A Malaysian Blog about Food, Family and Friends – by Lyrical Lemongrass
‘Harlow. Here got food ah?’ he asks.
Mrs. Graves, upset at the rude interruption to her lovely daydream about nasi lemak with sambal sotong and lots of ikan bilis, gives him an irritated look and scurries to the kitchen to check on supplies and emerges with a triumphant look.
‘All gone already,’ she proclaims. ‘Only got strawberry tart. How?’
‘Aiyah, strawberry tart only ah?’ he sighs.
‘Ya lor. Today got Siti Nurhaliza concert, everybody go to JB to see her, so we don’t prepare so much food here lor.’
He hesitates. His stomach rumbles. A strawberry tart isn’t much of a consolation when one expects to eat mutton peratal.
‘Harlow, we don’t have all day to decide! You want or not??’
‘Okaaaay la,’ he says. ‘Sure don’t have mutton peratal ar?’ he continues hopefully.
Mrs. Graves snorts in disgust and yells the order to the cook. ‘ONE STRAWBERRY TART. TABLE FOUR!!’
Fifteen long minutes go by.
‘One KAYA KOK!’ the cook says as she plonks the pie in front of the hungry nobleman.
‘But I order strawberry tart wor,’ he says.
‘I heard “kaya kok”, okay!!!’
The nobleman wonders which part of “strawberry tart” sounds like “kaya kok” and looks to Mrs. Graves, hoping to get some support. But Mrs. Graves is fast asleep, dreaming of curry laksa with plump, juicy kerang.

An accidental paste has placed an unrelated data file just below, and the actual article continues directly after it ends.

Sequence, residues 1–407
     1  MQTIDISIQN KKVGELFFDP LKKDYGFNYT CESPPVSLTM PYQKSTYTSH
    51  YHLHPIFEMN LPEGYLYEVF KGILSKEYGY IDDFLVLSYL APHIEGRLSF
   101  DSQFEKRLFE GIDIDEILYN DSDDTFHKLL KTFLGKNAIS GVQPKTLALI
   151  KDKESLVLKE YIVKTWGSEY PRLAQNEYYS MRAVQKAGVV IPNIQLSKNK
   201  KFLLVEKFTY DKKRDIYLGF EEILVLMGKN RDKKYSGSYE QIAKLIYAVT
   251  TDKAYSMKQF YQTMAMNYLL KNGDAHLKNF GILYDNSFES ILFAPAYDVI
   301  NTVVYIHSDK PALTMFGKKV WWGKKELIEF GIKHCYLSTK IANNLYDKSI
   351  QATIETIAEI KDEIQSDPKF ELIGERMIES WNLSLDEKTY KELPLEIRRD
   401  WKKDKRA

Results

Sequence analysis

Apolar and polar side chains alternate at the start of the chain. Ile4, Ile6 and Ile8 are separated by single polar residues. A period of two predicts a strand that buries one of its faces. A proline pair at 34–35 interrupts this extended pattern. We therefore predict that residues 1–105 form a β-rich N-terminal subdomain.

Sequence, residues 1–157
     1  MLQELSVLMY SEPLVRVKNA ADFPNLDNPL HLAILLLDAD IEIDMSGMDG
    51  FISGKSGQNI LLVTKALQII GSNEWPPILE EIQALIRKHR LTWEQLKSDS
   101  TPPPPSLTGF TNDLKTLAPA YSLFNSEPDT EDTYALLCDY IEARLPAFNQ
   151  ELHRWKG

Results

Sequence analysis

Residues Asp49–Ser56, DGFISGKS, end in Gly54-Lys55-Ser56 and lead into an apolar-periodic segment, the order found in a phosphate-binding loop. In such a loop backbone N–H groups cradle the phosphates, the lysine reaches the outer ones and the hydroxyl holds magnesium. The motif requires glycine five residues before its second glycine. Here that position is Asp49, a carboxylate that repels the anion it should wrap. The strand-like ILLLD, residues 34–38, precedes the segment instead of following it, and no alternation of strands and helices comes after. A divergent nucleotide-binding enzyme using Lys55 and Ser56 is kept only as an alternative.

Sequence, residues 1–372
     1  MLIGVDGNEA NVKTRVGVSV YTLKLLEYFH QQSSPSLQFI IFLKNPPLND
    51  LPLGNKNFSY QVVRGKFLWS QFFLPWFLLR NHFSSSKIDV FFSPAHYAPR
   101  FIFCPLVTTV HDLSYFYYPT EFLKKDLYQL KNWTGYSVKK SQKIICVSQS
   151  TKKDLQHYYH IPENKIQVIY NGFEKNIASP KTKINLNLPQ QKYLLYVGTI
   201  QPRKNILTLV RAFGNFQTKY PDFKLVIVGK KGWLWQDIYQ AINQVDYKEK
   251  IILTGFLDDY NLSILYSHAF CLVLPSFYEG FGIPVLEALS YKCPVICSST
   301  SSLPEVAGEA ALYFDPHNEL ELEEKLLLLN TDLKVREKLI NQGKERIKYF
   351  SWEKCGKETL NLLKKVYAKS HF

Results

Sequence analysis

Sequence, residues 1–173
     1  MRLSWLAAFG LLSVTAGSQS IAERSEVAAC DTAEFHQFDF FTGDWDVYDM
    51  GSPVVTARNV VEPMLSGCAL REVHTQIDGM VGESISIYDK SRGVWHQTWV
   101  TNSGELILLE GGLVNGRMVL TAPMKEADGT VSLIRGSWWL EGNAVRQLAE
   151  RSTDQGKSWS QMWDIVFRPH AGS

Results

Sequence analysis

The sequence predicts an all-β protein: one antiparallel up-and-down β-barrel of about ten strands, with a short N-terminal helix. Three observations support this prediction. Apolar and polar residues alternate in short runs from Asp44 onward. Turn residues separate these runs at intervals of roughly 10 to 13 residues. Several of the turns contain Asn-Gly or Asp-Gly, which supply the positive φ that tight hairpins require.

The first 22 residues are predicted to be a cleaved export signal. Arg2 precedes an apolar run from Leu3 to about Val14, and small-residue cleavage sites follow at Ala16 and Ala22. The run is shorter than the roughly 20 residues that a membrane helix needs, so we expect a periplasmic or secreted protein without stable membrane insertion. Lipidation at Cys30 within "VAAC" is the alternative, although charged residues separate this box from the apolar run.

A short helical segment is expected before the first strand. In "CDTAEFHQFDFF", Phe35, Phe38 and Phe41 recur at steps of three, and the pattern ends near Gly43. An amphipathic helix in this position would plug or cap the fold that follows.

He takes a bite of the kaya kok. His eyes widen in delight. ‘Mmmmmm, so tasty!!’
The cook looks at him and thinks he’s a little crazy. She decides not to tell him that she had forgotten to stir the egg mixture into the pastry for the strawberry tart (which she had heard clearly enough), and in her haste to cover up her error, she had spread it on top of the pastry instead.
‘What you call this ar?’ he asks. ‘Kaya kok?’
‘Ya lor. Why? Never heard before izzit?’
‘Cheh. Kaya kok sound obscene lah.’ he says.
The cook rolls her eyes, ready to dismiss him and return to her reverie beside the fireplace in the kitchen.
‘I know,’ he exclaims. ‘Since we are in Bakewell, we call it the Bakewell Pudding LAH!!’
She walks away, muttering obscenities under her breath.
The nobleman leaves the inn, happy at his new discovery. The next week, droves of people turn up at the inn to taste the wonderful new dessert called the Bakewell Pudding.
Well, not quite. And whatever happened to Mrs. Graves and the cook? They couldn’t handle all the extra workload, so they sold their recipe to one Mrs Wilson who turned it into a million dollar business, and I can assure you that at least Mrs Wilson lived happily ever after! For the version of the story unadulterated with sambal belacan or kari kepala ikan, check out their official website HERE.
The Old Original Bakewell Pudding Shop,
The Square, Bakewell,
As always, for residents of the glorious nation of UAE who are unable to access my flickr photos, click HERE for pics.
Note: For a quick and easy recipe for kaya (not kaya kok, but hey, half’s better than none), check out Argus World.
Food, for me, is a means to an end and not an end in itself.
Food, for me, represents the love of family, the fellowship of friends, and the community and communality it brings.